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Sample size: 3010
Field period: 03/12/2019-10/25/2019
“A father and his son are in a car accident. The father dies on the spot. The son, badly injured, is taken to the hospital. In the ER, the attending surgeon looks at the boy and says, 'I can't operate on this boy. He's my son!' How could this be?”
This now famous riddle was first brought into the living rooms of Americans in an episode of the 1970s comedic TV series, All in the Family. Yet, even fifty years later, few reach the obvious yet illusive answer: the surgeon is the boy’s mother. Indeed, despite making strides towards equality over the past forty years, gender parity within medicine remains an elusive goal. Women constitute half of medical school graduates, yet 35 percent of practicing physicians and only 19.2 percent of surgeons. One possible cause is societal stereotypes, which like “pictures in our heads” connect men more than women to medicine. We presented the classic “son” version of the surgeon riddle alongside two variations (“daughter”, “child”) to investigate the presence, magnitude, and psychological and demographic correlates of the surgeon=male stereotype in the United States.
Research Question: What proportion of Americans will realize that the surgeon could be the boy’s mother?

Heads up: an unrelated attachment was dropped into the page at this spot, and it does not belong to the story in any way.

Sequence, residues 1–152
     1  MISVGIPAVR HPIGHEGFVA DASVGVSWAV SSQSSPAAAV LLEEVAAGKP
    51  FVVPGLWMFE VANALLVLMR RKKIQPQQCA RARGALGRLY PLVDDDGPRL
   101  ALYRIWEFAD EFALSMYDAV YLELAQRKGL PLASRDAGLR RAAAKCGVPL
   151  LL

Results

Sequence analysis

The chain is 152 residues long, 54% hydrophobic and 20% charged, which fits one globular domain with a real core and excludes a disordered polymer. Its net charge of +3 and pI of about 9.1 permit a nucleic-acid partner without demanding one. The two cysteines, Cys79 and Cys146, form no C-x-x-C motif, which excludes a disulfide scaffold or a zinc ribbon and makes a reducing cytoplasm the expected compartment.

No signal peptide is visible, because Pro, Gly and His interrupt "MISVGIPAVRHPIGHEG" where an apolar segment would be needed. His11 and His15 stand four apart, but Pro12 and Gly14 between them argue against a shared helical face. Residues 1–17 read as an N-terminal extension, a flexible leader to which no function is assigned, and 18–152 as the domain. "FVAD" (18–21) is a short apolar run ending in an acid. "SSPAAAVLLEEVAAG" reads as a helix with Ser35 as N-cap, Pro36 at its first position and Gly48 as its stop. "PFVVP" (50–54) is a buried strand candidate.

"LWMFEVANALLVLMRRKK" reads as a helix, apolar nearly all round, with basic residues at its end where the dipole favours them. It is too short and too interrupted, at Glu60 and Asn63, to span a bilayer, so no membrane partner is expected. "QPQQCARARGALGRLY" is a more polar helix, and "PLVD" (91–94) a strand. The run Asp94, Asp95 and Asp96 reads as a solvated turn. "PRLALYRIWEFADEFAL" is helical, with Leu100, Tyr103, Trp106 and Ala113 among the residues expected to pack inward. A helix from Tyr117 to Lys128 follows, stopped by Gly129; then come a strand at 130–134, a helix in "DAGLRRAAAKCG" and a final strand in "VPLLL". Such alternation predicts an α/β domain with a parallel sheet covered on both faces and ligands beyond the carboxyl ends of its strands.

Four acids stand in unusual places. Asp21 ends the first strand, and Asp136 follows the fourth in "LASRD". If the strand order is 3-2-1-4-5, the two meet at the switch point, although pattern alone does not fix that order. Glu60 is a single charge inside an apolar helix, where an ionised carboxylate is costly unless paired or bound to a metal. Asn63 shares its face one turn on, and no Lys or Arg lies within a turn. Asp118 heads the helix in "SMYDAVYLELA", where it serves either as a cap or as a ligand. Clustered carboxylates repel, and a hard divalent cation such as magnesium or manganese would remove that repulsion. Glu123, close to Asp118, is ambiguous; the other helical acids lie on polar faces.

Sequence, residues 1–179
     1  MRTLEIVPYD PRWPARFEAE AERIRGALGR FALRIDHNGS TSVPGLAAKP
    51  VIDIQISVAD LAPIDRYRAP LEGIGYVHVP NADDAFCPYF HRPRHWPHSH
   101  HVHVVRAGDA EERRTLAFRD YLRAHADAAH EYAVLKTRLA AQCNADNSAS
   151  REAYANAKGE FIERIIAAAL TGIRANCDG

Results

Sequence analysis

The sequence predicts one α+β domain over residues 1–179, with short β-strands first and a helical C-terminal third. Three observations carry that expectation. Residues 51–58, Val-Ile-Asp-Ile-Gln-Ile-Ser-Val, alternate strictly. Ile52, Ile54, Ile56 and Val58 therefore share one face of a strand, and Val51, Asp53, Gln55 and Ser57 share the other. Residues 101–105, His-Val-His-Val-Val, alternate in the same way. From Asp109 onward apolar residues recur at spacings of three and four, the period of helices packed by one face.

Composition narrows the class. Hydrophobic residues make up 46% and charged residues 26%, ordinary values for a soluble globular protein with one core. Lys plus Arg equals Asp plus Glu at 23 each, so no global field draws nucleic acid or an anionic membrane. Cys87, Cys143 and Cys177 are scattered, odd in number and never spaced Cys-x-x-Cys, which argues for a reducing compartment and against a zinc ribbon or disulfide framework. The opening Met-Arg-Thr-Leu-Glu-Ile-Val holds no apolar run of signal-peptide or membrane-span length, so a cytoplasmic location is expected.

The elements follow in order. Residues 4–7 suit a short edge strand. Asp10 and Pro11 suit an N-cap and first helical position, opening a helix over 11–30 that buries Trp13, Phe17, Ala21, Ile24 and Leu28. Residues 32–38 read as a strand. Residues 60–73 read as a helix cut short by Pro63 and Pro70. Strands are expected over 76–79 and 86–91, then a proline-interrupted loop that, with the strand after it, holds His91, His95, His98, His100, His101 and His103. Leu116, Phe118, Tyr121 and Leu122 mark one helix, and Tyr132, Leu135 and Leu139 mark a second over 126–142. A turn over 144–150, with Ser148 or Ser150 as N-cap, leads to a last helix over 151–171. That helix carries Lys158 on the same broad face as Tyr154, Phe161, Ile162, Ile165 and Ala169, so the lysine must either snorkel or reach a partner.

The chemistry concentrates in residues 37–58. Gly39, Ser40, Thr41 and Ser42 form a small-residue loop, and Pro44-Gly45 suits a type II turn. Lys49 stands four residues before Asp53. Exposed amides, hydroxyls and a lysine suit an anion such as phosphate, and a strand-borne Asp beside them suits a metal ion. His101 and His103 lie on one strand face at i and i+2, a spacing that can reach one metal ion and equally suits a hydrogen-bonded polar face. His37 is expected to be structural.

Research Question: Will changing the gender from “son” (classic riddle) to “daughter” or “child” increase the incidence of mother responses?
Research Question: Are certain demographics (e.g., women) more likely to provide mother responses?
Research Question: Are mother responses predicted by statistical information (e.g., men constitute 80% of surgeons in the United States; frequency-based hypothesis), or on a belief about the essence of the social category gender (i.e., “men are naturally more suited to be surgeons”; essentialist hypothesis)?
Research Question (Exploratory): Does having a close family member (e.g., mother) or relative (e.g., cousin) who is a female surgeon or doctor increase the likelihood a person will provide a mother response?
Participants’ answer to the surgeon riddle (variable: B1) was treated as the main outcome variable. Participants’ answers were dichotomized such that responses that included “mother” as a possibility were assigned a value of 1, and all other responses (e.g., “Step-Father”, “Priest”) were assigned a value of 0. This dichotomized value is hereafter referred to as “mother response” or “mother inference.” Importantly, as we were interested in participants’ spontaneous reactions to the riddle, only participants who reported having no prior exposure to the riddle (variable: B2) were included in the results reported below.
Additionally, we captured participants responses to the following three questions:
a) What do you think the gender breakdown of practicing surgeons in the United States is? (100% Male/0% Female to 0% Male/100% Female, in increments of ten percent);
b) Which of the following statements do you most agree with? (“Men are naturally more suited to be surgeons than women”; “Men and women are naturally equally suited to be surgeons.”; “Women are naturally more suited to be surgeons than men”);
c) Are you or any of your close family members doctors or surgeons? [Select all that apply]